In the macOS terminal, when I do ls -l SomeFile.txt it shows most of the file's properties including its last modification timestamp.

However in Finder, besides the 'Date Modified' there is also the 'Date Added' for each file, i.e. the timestamp when the file was added to the particular folder where it's in. Is there a way to read or display this within the shell?

Also as far as I understood this Added Date is different than the file's creation date? Is there also a way to get its creation timestamp?

Lastly, macOS also keeps track of when a file was last accessed (read), can I get that timestamp from the shell as well?

So for example:

  1. I create a new file on December 1st.
  2. I modify the file on December 2nd.
  3. I open (read) the file on December 3rd.
  4. I move the file to a different folder on December 4th.

I'm looking for one or more shell commands to get these four particular timestamps.

  • 1
    Finder does not have a "last accessed". There is a "last opened", but this is not the same as the "last accessed" given by either ls -u or stat "%Sa". Commented Dec 11, 2023 at 12:25

3 Answers 3


The command mdls (metadata list) might be what you are looking for.

mdls    -n kMDItemFSName \
        -n kMDItemContentCreationDate \
        -n kMDItemContentModificationDate \
        -n kMDItemDateAdded \
        -n kMDItemUsedDates \

The table below shows the metadata attribute which corresponds to the Finder application list view column. The metadata attribute can be passed to the mdls command to get the appropriate date. However, the date is not with respect to the current location.

Finder List View Column Metadata Attribute
Date Added kMDItemDateAdded
Date Created kMDItemContentCreationDate
Date Last Opened kMDItemLastUsedDate
Date Modified kMDItemContentModificationDate

The function given below outputs the Finder application dates for file names given as input. The dates are converted to the computers default location. This function was tested in both bash and zsh.

dates () {
  local d=() e=0 f="%+" i n x 
  d+=("Date Added=kMDItemDateAdded")
  d+=("Date Creation=kMDItemContentCreationDate")
  d+=("Date Last Opened=kMDItemLastUsedDate")
  d+=("Date Modified=kMDItemContentModificationDate")
  for n; do
    if [[ -e "$n" ]]; then
      printf "Name: %s\n" "$n"
      for i in "${d[@]}"; do
        x="$(mdls -name "${i#*=}" "$n")"
        if [[ $x == *\(null\) ]]; then
          x="$(date -jf "%Y-%m-%d %H:%M:%S %z" "${x#* = }" +"$f")"
        printf "%-16s = %s\n" "${i%=*}" "$x"
      printf "dates: %s: No such file or directory\n" "$n" >&2
  return $e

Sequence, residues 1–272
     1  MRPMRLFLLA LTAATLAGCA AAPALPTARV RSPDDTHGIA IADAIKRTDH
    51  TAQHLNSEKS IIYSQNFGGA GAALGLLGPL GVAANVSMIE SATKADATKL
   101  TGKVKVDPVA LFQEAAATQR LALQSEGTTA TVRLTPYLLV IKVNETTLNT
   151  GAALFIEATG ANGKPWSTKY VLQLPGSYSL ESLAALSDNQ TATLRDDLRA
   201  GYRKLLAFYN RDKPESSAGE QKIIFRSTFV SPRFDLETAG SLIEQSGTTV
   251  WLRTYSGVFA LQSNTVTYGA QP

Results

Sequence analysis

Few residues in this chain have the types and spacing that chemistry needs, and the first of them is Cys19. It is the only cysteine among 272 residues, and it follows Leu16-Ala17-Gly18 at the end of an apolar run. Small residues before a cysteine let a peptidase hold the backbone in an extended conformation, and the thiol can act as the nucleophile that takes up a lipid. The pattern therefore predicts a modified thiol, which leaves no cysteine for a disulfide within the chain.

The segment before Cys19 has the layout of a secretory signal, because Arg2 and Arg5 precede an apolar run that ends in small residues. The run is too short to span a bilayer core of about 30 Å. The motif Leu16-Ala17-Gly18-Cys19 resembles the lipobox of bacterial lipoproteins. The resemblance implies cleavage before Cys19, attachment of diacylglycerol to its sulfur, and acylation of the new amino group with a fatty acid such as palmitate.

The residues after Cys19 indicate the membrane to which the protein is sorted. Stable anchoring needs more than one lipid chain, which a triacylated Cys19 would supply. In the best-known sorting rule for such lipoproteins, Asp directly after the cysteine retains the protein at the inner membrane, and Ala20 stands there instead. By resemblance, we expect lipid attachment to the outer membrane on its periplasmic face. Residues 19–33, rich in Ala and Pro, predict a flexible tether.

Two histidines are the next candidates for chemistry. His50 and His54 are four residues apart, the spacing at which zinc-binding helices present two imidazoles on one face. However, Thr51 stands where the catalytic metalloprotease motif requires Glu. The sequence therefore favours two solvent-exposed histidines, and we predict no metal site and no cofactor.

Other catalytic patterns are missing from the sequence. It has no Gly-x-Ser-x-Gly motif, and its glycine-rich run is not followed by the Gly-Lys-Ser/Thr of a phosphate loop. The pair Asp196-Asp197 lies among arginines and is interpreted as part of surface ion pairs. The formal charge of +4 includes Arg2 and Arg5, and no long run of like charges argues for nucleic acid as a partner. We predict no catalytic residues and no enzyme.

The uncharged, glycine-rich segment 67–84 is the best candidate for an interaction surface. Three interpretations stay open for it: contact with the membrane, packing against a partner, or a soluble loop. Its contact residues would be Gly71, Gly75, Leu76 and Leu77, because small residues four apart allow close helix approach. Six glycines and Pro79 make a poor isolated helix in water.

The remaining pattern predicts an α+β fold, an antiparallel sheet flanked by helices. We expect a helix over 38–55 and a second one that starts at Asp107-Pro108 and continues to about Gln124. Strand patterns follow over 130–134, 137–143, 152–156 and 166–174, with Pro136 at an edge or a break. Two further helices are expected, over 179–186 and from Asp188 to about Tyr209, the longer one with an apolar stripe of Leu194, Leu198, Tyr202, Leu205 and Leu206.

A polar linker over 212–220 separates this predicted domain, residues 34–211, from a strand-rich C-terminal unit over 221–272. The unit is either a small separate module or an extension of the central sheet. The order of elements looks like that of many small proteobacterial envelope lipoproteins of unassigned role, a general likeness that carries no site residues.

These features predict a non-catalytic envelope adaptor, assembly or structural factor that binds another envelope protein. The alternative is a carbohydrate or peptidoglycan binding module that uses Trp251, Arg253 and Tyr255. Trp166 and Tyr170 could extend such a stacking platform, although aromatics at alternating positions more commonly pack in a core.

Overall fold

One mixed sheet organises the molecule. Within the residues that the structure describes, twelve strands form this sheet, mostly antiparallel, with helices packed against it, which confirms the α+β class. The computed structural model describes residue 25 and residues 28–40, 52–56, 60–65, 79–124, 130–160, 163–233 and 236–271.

Below is an example of use.

dates x.jpg bad.name mbr.bin

Example output is given below. Note that the file bad.name does not exist.

Name: x.jpg
Date Added       = Mon Dec 11 11:16:37 CST 2023
Date Creation    = Mon Oct  2 08:48:39 CDT 2023
Date Last Opened = Mon Dec 11 04:10:54 CST 2023
Date Modified    = Mon Dec 11 04:21:26 CST 2023
dates: bad.name: No such file or directory
Name: mbr.bin
Date Added       = Fri Apr  2 13:16:56 CDT 2021
Date Creation    = Fri Apr  2 13:16:56 CDT 2021
Date Last Opened = --
Date Modified    = Fri Apr  2 13:16:56 CDT 2021

To get the format for the dates to be exactly as shown in the Finder on my Mac, I needed to modify the output format. In other words, I needed to replace f="%+" in the dates function with the following.

f="%b %-e, %Y at %-l:%M %p"

The change in output is shown below.

Name: x.jpg
Date Added       = Dec 11, 2023 at 11:16 AM
Date Creation    = Oct 2, 2023 at 8:48 AM
Date Last Opened = Dec 11, 2023 at 4:10 AM
Date Modified    = Dec 11, 2023 at 4:21 AM
dates: bad.name: No such file or directory
Name: mbr.bin
Date Added       = Apr 2, 2021 at 1:16 PM
Date Creation    = Apr 2, 2021 at 1:16 PM
Date Last Opened = --
Date Modified    = Apr 2, 2021 at 1:16 PM

Note: While using Catalina 10.15.7 to do testing on APFS volumes, I found the mdls command can return the wrong "Date Added" for files which have more than one hard link. In other words, the command may return the "Date Added" for a different file hard linked to the same inode. This can happen even when the Finder application shows the correct "Date Added".



At least you can use POSIX -c or -u:

-c Use time when file status was last changed for sorting or printing.
-u Use time of last access, instead of time of last modification of the file for sorting (-t) or long printing (-l).

for example:

 ls -lc SomeFile.txt
 ls -lu SomeFile.txt

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